“Why do you climb?”
“To know God. To seed my world.”
In Aaron’s mind, his father smiled.
And Aaron climbed.
His Father’s World
The day he was born, his parents took him to the tower.
The birth was a painful experience, and as his only point of reference had been the warm and wet of his mother’s womb, the press of labor and the chill of the evening air stung hard. He screamed as his father lifted him from her thighs, trying out his lungs and kicking against all that empty space. His mother took him into her arms and gave him suck, and while he drank from her breast his father wiped him down and wound him in cloth. Better, he thought there in her arms, but not as good as inside.
When he’d eaten his fill they put him down to try his legs. He managed to walk across the soft ground beside the birthing pool–the moss tickling his bare feet–all the way over to the gnarled trunk of the great white tree which spread its branches over them. But when they led him out from beneath the tree and he saw the tower, he wrenched free and tottered toward it.
The tower rose from the bright and waving grass like the spoke on which the world hung, as perpendicular and settled as–God himself. He thought about that, wondering what it meant. His eye followed the tower all the way up as it rose against the purple-brown sky and thinned to a faint white hair.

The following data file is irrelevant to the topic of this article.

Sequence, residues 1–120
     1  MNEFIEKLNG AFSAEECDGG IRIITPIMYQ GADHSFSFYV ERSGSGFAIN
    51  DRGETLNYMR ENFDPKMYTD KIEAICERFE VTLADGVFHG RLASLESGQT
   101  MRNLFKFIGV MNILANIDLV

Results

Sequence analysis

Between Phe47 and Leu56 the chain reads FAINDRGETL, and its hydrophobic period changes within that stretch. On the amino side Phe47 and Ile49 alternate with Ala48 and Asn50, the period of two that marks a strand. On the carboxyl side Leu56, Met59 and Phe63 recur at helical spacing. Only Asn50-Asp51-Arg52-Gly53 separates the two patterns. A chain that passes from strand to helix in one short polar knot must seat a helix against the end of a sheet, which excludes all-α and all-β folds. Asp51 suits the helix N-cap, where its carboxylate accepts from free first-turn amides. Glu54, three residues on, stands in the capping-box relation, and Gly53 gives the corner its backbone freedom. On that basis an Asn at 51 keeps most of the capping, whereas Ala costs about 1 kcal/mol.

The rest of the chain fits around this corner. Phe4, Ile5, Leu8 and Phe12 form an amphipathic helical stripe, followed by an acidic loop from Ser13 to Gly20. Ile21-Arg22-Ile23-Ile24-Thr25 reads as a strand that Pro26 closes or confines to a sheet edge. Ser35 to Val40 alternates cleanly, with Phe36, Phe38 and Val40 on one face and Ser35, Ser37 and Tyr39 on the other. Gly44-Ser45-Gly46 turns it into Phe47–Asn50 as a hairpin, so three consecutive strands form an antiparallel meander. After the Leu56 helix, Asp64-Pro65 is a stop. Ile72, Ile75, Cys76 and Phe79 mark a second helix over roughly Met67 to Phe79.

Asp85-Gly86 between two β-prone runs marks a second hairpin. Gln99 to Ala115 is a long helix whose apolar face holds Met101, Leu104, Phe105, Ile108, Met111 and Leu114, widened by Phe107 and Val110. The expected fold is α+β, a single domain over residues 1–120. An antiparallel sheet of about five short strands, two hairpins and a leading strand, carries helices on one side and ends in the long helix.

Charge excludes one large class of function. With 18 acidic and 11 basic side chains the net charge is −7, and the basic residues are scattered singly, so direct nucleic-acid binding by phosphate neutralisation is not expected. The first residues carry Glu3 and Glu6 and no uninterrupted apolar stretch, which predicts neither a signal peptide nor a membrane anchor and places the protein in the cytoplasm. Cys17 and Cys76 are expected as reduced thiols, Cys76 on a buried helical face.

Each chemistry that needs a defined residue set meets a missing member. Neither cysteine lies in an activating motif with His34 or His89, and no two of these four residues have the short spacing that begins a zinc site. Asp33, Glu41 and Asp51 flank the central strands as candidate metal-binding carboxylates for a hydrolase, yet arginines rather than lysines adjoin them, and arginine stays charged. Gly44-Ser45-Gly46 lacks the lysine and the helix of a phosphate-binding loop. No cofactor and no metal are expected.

His mother took him in her arms and carried him toward the base of the tower. He twisted around to watch as it rose and grew over him. He sucked one thumb and wrapped his other hand around and around in his mother’s hair. He loved her.
They moved around the circumference of the tower, and he saw a door cut in its base. Black, and half-buried. They stopped beside it.
His father reached between his mother’s legs, and his hand came back bloody. The big man took him from his mother’s arms and smeared blood all over his tiny hand too. His father pressed both their hands against the wall beside the black door, leaving two red prints–one large, one little.